Why Houston Rockets Will Become a Top NBA Free-Agent Destination

Moke HamiltonCorrespondent IINovember 14, 2012

The pursuit was well documented. The risks were calculated. And the prize was worth it.

This past summer, Morey and the Rockets went all-in on Dwight Howard—dumping Kyle Lowry and Luis Scola and allowing Goran Dragic to defect to the Phoenix Suns—just to have the opportunity to acquire him.

Obviously, that plan didn’t work out, but after the sudden and surprising trade that brought James Harden to the Rockets, things are looking up for the franchise.

With Harden and Jeremy Lin now in the fold, the Rockets have become one of the NBA’s most talked about teams. More importantly, Houston will be one of the NBA’s premier free-agent destinations in years to come.

Lin came into this season with high expectations, considering what he accomplished last season as a member of the New York Knicks. And though his 11.9 points, 4.6 rebounds and 6.4 assists per game are a far cry from last season’s stretch of Linsanity, those numbers are very respectable for a starting point guard in today’s NBA.

Harden, the NBA’s reigning Sixth Man of the Year, was the talk of the league when he scored 82 points in his first two games as a Rocket. We knew those performances wouldn’t last, but it stands to reason that Harden has established himself as a primary scorer.

Together, Lin and Harden give the Rockets an exciting backcourt that they can build around. When combined with the rest of what the team has to offer, it won’t be too long before we hear whispers that some of the NBA’s free agents have eyes for “H-Town.”

As for the other assets the Rockets have to lure free agents?

Center Omer Asik—the least heralded of the Rockets acquisitions this summer—has made a rather smooth transition from being a seventh man on the Chicago Bulls to being an everyday starter in the middle.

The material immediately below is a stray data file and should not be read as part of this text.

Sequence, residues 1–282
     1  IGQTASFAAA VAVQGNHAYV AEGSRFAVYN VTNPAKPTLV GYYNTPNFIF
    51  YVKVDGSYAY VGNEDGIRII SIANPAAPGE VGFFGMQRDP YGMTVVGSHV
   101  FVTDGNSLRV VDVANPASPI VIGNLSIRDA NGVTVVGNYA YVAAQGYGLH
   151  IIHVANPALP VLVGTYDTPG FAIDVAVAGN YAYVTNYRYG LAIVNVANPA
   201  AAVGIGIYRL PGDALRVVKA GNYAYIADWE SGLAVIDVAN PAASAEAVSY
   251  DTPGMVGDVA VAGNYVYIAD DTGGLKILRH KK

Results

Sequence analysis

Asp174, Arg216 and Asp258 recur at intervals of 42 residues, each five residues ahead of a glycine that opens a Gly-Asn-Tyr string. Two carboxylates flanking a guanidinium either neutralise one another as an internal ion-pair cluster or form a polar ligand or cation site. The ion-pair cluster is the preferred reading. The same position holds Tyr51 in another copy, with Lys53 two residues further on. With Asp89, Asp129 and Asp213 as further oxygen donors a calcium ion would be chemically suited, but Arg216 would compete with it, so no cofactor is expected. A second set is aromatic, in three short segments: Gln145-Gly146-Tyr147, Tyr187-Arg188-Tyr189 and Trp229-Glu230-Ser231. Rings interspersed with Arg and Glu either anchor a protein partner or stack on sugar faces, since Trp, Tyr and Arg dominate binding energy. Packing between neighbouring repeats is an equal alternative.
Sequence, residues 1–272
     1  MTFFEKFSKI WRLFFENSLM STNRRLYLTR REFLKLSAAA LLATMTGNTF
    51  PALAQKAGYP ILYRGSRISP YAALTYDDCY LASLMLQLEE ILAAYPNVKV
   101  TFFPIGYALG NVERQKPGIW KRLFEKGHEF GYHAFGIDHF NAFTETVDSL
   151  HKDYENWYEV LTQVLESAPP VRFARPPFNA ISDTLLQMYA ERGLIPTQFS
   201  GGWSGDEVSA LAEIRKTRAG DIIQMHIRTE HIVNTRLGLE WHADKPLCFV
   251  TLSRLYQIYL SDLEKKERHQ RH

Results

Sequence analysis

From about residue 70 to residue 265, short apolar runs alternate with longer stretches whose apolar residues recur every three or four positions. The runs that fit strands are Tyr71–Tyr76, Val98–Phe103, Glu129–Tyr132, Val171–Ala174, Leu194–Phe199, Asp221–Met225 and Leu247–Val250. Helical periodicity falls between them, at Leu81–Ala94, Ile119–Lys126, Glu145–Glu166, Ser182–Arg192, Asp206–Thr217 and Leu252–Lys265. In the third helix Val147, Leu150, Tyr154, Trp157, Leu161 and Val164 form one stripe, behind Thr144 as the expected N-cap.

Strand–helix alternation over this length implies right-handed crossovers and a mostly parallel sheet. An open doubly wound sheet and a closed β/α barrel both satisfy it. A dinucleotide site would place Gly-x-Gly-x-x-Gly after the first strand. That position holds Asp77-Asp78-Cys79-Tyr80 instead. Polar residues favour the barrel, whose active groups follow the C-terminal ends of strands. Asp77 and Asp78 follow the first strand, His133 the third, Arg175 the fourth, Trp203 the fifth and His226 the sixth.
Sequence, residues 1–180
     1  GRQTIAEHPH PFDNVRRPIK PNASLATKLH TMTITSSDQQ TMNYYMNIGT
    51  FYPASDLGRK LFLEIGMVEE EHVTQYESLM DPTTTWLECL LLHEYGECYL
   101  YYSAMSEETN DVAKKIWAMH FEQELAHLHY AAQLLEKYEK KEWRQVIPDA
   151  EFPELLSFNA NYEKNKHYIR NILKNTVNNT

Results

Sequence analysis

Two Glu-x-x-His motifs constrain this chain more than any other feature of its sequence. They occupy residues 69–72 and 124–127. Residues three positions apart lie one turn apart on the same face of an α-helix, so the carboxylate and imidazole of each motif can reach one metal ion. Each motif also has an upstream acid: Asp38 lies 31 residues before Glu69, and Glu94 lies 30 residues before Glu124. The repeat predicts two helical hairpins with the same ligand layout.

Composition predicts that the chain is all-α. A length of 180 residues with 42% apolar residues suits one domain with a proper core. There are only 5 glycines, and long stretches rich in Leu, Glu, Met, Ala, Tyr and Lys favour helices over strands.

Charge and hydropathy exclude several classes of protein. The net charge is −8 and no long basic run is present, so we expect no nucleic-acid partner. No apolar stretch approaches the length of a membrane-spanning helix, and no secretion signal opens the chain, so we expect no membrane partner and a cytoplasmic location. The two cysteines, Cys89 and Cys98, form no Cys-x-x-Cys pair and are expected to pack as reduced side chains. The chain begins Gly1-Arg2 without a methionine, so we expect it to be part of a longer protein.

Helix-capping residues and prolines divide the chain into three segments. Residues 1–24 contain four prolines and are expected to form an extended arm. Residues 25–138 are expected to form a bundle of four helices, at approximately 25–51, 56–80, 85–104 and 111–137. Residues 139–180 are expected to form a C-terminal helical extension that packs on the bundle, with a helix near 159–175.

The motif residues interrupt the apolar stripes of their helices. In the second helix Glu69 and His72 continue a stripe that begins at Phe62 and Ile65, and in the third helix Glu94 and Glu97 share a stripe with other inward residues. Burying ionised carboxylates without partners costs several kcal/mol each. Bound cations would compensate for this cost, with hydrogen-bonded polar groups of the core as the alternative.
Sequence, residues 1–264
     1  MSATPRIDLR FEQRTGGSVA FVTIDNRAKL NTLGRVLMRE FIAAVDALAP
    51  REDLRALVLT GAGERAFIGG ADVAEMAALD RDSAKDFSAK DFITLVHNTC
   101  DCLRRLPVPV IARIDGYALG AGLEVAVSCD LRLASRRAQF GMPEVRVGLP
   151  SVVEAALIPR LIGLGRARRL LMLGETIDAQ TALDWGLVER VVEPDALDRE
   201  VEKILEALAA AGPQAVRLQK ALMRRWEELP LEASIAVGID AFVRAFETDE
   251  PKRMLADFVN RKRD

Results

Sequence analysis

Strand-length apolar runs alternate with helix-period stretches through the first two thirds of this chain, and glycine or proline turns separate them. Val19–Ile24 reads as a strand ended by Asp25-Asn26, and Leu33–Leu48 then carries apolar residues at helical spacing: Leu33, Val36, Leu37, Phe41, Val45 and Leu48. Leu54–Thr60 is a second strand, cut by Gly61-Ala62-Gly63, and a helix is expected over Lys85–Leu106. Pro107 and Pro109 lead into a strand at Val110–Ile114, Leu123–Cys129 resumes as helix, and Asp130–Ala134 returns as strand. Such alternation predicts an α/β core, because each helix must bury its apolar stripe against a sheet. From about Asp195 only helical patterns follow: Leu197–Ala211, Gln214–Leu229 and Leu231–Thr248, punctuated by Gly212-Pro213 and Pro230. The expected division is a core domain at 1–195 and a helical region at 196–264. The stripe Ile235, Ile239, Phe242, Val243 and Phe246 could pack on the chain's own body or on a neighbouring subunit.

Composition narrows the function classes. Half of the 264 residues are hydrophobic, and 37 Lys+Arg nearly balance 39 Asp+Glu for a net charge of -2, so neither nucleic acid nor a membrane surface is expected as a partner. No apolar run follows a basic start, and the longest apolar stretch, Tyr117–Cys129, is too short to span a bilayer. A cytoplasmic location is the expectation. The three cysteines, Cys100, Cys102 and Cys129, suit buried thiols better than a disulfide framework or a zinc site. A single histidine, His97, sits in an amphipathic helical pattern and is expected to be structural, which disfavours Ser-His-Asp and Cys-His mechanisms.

Through the Rockets first seven games this season, Asik’s 13.0 rebounds per game rank him as the league’s third best boarder behind the Memphis Grizzlies' Zach Randolph (14.5) and the Cleveland Cavaliers' Anderson Varejao (13.7).

Asik has also shown a better than advertised ability to score the ball, averaging 9.9 points per game on the season and 13.3 points per game over the Rockets' last four.

Combined with Lin and Harden, Asik gives the Rockets a solid foundation to build on. Now, the Rockets are only one legitimate scoring threat away from becoming of the better teams in the Western Conference. 

Prospective free agents will notice that, and those that believe they can fill that void will want to hop on board. 

But as much as free agent want to find themselves in good situations, they want to get paid, too. So while being a premier free-agent destination is a good thing, it means nothing without prudent cap management. 

That’s why Rockets fans should feel confident with where their team is right now. Down the road, Morey will have money to spend—and plenty of it.